Greek lawyers to sue Blair for war crimes

The Athens Bar Association plans to sue British Prime Minister Tony Blair for his role in the Iraq war at the International Criminal Court, according to Dimitris Paxinos, head of the Greek lawyers’ association.

    Blair's office declined to comment

    Paxinos said on Monday that within a week a legal case will be filed, calling the attacks by the United States and British forces against Iraq "crimes against humanity and war crimes".

    The Bar association lists a number of alleged violations of international laws, including the United Nations Charter, the Geneva Conventions, the Hague Convention and the International Criminal Court's statute.
     
    Paxinos highlighted the fact that American officials can not be prosecuted as the US is not a signatory to the International Criminal Court's (ICC) founding treaty.

    The association, he said, is “quietly confident” that the evidence compiled by the lawyers is strong, adding that the case will test the ICC's credibility.
     
    ICC tribunal

    The ICC is a recently created tribunal for war crimes, crimes against humanity and genocide. It was formally inaugurated at The Hague in March.
     
    Eighty nine countries signed up to the treaty creating the court, but the United States declined to join.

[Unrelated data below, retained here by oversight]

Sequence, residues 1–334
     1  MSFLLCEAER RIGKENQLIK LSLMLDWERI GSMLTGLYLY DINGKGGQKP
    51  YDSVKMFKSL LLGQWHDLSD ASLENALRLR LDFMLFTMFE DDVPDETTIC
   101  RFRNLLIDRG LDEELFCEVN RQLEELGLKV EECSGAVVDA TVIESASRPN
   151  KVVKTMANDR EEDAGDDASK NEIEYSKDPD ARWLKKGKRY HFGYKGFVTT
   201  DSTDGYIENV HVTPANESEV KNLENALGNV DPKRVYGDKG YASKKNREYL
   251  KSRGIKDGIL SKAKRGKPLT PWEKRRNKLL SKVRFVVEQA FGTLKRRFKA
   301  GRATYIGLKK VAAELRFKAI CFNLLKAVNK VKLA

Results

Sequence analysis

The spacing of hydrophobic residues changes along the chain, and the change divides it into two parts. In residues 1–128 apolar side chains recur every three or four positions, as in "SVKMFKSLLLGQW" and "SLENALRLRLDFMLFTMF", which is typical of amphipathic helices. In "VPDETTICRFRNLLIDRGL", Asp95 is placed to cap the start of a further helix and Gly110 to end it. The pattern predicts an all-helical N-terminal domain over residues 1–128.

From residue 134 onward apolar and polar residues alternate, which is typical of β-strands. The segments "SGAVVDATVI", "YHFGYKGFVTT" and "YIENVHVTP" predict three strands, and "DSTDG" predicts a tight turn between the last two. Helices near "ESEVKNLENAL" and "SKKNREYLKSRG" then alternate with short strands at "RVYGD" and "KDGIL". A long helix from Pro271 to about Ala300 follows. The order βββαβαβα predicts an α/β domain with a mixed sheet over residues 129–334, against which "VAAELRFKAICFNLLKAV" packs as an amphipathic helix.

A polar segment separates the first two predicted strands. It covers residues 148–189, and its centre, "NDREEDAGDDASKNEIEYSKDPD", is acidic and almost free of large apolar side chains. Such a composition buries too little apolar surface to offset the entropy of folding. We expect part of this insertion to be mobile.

The court has not officially began work yet, though last month it appointed an Argentine lawyer, Luis Moreno Ocampo, to be its first prosecutor.
     

    Philippe Kirsch
    ICC Chairman

     

    A spokeswoman for the court said that after Ocampo is sworn in on 16 June, the court is likely to begin considering the association’s case.
     
    "We have received more than 200 communications from different parts of the world," she said, outlining public interest.

    Reaction

    The British Prime Minister's office has declined to comment on the announcement, but according to political analyst Panos Polyzoidis in Athens, the Greek government is unlikely to publicly support the lawyers' move as the public's strong anti-war feeling cuts across party lines.

    The news may also be untimely for the British as an inquiry in on into alleged war crimes by Colonel Tim Collins of the 1st Battalion Royal Irish Regiment.

    Col. Collins too is accused of breaching the Geneva Conventions.

    Complaints against the colonel were raised by Major Re Biastre, a US army reservist, who accused him of maltreating prisoners, pistol whipping a Baath party official, firing shots to stop looters and frightening people he was questioning.
     
    The completed investigation report, examined by the British Army itself and not the ICC, will be forwarded within the coming weeks to his commanding officer and the army prosecuting authority for a decision on whether disciplinary action is necessary.


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